The U.S. Supreme Court issued a landmark ruling on June 15 that protects gay and transgender workers from workplace discrimination under Title VII of the Civil Rights Act.
In Hawai‘i, state law already made it unlawful for employers to discriminate because of sex (including gender identity or expression) or sexual orientation. Emily Marr, assistant general counsel at the Hawaii Employers Council, explains the significance of the federal decision and offers legal insights into how employers can prevent discrimination in the workplace.
Why is the Supreme Court’s decision in Bostock v. Clayton County significant?
The Bostock case is actually a consolidated case composed of three different cases heard by lower courts. In each case, an employee alleged their employer fired them simply for being a homosexual or transgender person and sued under Title VII of the Civil Rights Act of 1964. Title VII, which applies to employers with 15 or more employees, makes it unlawful for employers to discriminate based upon certain protected characteristics, including sex.
However, the term “sex” was not defined by Title VII, and the question before the Supreme Court was to determine whether Title VII’s ban on discrimination because of “sex” includes gender identity and sexual orientation. On June 15, in a 6-3 decision, the Supreme Court held that an “employer who fires an individual merely for being gay or transgender violates Title VII.”
Bostock is a landmark decision for civil rights and employment law. Before Bostock, civil rights protections for gay or transgender individuals at work were dependent on state law. While Hawai‘i employers were already prohibited from discriminating against employees on the basis of sexual orientation or gender identity, this is an important time for employers to ensure they understand the laws and are promoting an inclusive workplace for all employees.
Are companies allowed to use the religious convictions of their owners as a reason for firing openly gay, lesbian or transgender employees?
None of the employers in Bostock argued that compliance with Title VII would infringe upon their religious liberties, so the decision does not squarely tell us how the courts would decide this question. It seems inevitable that, after Bostock, employees will argue that Title VII’s prohibition against gay and transgender discrimination cannot be nullified by an employer’s assertion of a sincerely held religious conviction.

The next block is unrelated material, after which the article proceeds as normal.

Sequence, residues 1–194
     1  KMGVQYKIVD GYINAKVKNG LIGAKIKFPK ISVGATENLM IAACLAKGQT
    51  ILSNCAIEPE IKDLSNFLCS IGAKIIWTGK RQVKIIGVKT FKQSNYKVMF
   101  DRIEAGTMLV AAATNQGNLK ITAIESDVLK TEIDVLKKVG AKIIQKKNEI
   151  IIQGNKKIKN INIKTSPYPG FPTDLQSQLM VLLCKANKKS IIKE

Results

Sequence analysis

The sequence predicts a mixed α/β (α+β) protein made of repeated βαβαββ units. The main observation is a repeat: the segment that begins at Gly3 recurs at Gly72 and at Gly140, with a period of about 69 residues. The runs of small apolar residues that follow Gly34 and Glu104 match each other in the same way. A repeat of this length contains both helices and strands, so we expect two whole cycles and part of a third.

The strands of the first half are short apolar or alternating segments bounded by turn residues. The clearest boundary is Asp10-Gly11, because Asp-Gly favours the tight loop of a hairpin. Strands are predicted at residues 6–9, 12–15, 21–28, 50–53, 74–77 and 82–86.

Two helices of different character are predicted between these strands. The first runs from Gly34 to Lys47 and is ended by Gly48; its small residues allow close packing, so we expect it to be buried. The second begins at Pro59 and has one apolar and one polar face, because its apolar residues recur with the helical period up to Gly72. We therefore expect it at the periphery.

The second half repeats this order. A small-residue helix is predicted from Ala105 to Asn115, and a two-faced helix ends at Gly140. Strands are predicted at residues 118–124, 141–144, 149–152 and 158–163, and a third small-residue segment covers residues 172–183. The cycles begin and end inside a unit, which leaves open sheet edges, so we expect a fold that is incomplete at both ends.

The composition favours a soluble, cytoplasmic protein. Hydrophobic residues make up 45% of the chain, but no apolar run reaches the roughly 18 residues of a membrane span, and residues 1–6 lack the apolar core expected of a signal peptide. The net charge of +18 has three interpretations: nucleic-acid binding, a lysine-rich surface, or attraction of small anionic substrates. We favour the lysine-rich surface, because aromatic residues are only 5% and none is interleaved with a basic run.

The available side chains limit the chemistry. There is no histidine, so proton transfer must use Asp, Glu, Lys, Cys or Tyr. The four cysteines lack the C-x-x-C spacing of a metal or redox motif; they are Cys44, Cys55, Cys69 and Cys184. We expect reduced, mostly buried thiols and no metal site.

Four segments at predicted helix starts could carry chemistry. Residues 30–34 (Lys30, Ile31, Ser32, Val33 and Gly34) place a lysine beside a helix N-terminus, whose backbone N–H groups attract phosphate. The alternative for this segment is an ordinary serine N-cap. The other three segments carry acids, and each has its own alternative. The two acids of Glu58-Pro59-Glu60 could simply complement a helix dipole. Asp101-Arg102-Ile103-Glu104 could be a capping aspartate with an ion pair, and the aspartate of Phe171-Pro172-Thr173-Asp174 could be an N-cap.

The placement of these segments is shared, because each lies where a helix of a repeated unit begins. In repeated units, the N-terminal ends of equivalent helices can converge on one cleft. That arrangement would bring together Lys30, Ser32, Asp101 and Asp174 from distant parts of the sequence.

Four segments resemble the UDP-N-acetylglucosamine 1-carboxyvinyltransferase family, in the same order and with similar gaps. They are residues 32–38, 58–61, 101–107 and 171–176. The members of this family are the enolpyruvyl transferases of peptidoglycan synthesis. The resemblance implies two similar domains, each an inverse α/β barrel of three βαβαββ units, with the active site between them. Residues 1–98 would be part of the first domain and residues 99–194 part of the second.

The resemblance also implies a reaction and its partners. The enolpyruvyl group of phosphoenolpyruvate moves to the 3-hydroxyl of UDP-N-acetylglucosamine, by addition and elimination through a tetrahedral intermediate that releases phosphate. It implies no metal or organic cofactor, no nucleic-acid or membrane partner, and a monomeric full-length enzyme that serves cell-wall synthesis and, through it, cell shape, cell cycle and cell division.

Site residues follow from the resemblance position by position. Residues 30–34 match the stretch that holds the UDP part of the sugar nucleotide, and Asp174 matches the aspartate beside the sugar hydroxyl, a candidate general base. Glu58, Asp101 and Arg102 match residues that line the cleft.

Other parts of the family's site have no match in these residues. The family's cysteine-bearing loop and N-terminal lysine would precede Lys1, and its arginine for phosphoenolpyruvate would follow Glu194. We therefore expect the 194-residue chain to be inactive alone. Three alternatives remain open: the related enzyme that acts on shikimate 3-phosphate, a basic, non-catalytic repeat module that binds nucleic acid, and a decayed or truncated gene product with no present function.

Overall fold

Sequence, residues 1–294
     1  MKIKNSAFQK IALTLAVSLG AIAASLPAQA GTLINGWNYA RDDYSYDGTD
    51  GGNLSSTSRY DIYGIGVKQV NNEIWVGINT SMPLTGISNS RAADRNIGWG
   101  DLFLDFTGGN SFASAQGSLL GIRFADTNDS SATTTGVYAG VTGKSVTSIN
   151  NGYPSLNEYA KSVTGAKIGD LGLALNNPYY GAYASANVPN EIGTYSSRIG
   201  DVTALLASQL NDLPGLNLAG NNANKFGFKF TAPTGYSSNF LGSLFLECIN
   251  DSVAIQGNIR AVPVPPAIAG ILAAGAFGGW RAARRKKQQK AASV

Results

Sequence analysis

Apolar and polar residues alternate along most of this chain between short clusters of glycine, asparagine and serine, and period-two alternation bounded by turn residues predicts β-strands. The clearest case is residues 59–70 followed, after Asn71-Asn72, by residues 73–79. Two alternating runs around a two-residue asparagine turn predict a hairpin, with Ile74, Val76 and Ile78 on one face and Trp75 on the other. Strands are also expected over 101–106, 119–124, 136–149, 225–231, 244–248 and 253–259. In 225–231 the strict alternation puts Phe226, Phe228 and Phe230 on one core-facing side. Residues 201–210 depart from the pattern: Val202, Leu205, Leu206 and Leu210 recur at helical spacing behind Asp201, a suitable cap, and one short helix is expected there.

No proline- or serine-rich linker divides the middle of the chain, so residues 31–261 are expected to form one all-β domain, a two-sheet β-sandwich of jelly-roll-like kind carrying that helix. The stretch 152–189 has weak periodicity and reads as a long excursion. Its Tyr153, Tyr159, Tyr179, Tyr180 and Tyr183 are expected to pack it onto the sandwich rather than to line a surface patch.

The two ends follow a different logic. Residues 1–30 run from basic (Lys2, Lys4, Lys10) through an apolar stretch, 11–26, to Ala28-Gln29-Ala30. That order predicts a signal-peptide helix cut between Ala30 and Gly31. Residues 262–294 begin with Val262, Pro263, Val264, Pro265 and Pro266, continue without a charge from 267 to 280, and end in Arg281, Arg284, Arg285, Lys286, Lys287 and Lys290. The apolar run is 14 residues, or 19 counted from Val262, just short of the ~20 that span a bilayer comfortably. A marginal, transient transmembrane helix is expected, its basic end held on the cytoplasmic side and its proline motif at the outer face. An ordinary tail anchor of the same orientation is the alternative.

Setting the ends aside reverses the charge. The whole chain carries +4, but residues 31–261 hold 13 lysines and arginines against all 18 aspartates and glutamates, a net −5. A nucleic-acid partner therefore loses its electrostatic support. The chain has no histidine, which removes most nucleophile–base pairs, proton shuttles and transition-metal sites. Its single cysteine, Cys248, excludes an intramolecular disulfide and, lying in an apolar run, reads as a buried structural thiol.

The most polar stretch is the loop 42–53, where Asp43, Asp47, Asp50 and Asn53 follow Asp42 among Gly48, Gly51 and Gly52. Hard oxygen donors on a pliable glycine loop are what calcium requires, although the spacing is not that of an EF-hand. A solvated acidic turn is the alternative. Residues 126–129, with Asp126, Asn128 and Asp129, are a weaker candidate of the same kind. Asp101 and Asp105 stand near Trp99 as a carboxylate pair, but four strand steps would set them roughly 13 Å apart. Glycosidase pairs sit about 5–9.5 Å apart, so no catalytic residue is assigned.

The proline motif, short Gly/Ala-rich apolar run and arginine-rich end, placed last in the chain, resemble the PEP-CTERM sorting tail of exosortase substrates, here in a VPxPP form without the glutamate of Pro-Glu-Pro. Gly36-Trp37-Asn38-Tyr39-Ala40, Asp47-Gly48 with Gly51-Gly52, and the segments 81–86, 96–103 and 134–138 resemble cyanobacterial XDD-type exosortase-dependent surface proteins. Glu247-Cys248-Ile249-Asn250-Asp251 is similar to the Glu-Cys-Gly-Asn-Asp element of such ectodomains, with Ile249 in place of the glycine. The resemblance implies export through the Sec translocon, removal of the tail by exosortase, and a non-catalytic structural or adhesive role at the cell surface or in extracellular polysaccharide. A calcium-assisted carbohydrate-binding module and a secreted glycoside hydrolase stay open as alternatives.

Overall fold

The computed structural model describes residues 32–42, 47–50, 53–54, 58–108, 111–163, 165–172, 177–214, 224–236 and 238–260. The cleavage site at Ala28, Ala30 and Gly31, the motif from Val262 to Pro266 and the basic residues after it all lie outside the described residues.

However, as the Bostock court decision noted, employers have a number of defenses to such claims, including: Title VII’s statutory exception for religious organizations; the First Amendment; and the Religious Freedom Restoration Act of 1993. The Bostock ruling described the RFRA as a “super statute” that “might supersede Title VII’s commands in appropriate cases.”
Ultimately, however, the Bostock decision observed that “how these doctrines protecting religious liberty interact with Title VII are questions for future cases.” So, at this point, whether employers will prevail if they use a sincerely held religious conviction to justify firing openly gay, lesbian or transgender employees remains to be seen.
Can religious organizations, such as churches or private religious schools, use their religious mission as a reason for firing openly gay, lesbian or transgender employees?
As mentioned above, Title VII does contain a religious organization exception. This exception allows religious organizations – i.e., institutions whose “purpose and character are primarily religious” – to give preference to members of their own religion. However, the Equal Employment Opportunity Commission has made clear that this exception does not allow religious organizations to otherwise discriminate in employment on the basis of a protected Title VII category.
What happens if my employees harass other employees because they are openly gay, lesbian or transgender?
Employers should not tolerate this behavior. In addition to creating poor workplace morale, this type of behavior is legally actionable if it rises to the level of creating a hostile work environment. To avoid this situation, employers should take a proactive approach to developing and maintaining a welcoming workplace. Employers should also demonstrate their commitment to conducting fair investigations and implementing appropriate discipline if harassment does occur.
What steps should I take to prevent such harassment?
Employers can meaningfully prevent harassment against gay, lesbian and transgender employees by implementing clear and effective equal employment opportunity policies. Employers should provide training and have discussions with management and HR to ensure everyone involved in the hiring process understands and appropriately enforces the policies.
As with any other form of discrimination, employers should make sure that all employees are aware that any behavior that creates a hostile environment, such as verbal harassment, will not be tolerated. Educating employees on sexual orientation, gender identity, and transgender-related issues will help cultivate sensitivity and convey the employer’s commitment to equality in the workplace. Employers should also train personnel responsible for handling internal complaints on proper responsive techniques, including investigation and discipline.
Promoting inclusivity in the workplace is always important, and this landmark decision should prompt some employers to take a close look at their policies and culture to ensure they are prioritizing diversity and inclusion in any initiatives. Listen to your LGBTQ employees to learn how you can help them feel supported and secure at work.